The NHMRC and Australian National Council on AIDS (ANCA) have released a joint publication, 'Infection Control in the Health Care Setting' based on a review of previous infection control guidelines, and the need for national guidelines which are appropriate in a broad range of health care settings.
The report establishes nationally agreed minimum standards for infection control.
It outlines the principles of infection control and provides a rationale against which practitioners and health care establishments can develop detailed protocols and systems for infection control relevant to their own area of health care.
The report is based on the key principles of hygiene, cleanliness and sterility and recommends implementation of Standard Precautions (replacing the term Universal Precautions) and Additional Precautions in those circumstances where Standard Precautions may be insufficient to prevent transmission of infection. The Guidelines address design of premises, choice and type of equipment used (sharps reduction, ease of cleaning and sterilizing), occupational health and safety considerations, safe disposal of clinical waste, the appropriate use of antibiotics, regular monitoring of infections, an effective and ongoing education and training program for all levels of staff and incorporation of infection control into a comprehensive quality management program.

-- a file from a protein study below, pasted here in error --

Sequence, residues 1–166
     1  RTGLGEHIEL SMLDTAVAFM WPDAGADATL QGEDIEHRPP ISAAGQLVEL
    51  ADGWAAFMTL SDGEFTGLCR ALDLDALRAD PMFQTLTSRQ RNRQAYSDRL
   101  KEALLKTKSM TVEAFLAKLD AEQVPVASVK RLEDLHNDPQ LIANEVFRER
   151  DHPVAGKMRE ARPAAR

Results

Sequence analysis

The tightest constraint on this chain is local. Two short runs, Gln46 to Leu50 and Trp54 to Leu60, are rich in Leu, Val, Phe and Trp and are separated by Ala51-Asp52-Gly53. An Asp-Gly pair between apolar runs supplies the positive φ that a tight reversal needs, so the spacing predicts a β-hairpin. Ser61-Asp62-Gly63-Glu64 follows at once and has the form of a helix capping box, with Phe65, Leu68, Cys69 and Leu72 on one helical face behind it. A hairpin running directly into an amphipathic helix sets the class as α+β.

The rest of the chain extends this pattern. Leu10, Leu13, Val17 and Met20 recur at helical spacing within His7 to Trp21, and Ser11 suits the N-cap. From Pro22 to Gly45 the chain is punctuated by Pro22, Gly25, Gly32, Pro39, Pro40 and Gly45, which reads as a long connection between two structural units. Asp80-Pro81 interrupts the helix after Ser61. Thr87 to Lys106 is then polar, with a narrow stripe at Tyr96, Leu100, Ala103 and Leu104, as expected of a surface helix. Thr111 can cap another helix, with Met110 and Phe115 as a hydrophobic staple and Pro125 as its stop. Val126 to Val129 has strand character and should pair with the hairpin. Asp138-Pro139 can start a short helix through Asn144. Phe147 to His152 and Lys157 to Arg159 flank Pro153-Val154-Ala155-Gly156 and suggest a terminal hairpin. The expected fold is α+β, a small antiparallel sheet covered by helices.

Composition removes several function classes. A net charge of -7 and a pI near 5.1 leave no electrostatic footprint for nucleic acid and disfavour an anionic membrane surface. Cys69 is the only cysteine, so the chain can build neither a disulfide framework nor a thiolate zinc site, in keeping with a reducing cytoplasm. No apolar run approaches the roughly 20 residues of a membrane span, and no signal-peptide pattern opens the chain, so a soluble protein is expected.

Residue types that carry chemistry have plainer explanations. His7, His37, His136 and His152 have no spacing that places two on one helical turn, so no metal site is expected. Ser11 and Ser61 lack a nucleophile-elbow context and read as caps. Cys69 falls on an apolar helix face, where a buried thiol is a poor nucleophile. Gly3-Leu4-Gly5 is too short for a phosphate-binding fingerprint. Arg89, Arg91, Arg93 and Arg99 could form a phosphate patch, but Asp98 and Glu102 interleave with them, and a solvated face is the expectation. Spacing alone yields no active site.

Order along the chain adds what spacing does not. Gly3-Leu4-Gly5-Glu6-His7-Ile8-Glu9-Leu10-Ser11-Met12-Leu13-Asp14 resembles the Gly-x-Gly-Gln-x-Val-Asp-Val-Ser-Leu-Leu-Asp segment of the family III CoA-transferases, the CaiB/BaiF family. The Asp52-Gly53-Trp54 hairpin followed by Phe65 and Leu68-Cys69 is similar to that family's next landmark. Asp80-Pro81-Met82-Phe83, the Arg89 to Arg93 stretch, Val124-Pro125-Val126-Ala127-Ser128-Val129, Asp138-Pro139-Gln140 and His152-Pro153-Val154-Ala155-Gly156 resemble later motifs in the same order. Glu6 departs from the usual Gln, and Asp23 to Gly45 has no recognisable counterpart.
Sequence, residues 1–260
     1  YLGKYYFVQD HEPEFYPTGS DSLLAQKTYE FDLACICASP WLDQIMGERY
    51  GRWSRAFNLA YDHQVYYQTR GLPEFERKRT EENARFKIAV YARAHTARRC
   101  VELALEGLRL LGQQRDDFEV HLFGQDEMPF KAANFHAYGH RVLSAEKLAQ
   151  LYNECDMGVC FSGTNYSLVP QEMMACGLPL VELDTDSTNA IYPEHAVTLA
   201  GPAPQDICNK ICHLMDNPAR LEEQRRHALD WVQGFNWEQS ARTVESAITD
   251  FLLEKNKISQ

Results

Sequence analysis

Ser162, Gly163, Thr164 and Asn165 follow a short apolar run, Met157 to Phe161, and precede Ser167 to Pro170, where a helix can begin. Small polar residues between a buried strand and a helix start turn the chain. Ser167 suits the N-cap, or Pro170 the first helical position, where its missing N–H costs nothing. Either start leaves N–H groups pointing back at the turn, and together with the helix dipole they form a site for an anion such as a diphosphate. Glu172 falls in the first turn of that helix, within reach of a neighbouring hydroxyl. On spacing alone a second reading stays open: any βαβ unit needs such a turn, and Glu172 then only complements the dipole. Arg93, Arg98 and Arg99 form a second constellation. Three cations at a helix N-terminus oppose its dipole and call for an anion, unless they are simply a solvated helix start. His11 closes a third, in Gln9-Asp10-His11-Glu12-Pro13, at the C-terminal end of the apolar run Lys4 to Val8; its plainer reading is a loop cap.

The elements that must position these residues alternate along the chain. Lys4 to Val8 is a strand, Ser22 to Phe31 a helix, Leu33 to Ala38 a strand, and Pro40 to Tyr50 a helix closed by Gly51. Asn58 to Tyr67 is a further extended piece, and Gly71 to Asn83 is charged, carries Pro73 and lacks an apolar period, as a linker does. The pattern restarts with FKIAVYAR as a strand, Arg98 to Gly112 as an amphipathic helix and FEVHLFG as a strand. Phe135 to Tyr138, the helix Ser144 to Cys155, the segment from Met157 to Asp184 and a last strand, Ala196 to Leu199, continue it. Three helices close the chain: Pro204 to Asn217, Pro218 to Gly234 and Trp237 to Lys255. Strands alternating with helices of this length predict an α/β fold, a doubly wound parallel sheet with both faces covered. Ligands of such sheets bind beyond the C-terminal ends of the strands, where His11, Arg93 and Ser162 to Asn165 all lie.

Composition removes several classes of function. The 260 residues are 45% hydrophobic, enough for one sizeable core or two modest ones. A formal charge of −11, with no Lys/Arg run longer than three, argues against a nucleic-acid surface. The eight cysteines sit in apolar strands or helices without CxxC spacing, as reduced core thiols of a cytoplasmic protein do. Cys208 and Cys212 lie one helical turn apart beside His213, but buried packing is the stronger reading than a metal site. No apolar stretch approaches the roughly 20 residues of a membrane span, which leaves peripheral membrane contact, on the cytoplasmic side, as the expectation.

As well as providing current technical information or 'best practice' for infection control, the document addresses some ethical issues for which a national approach is desirable. This includes policy guidelines on health care workers (including students) who may be infected with blood borne viruses such as HIV, hepatitis B and hepatitis C.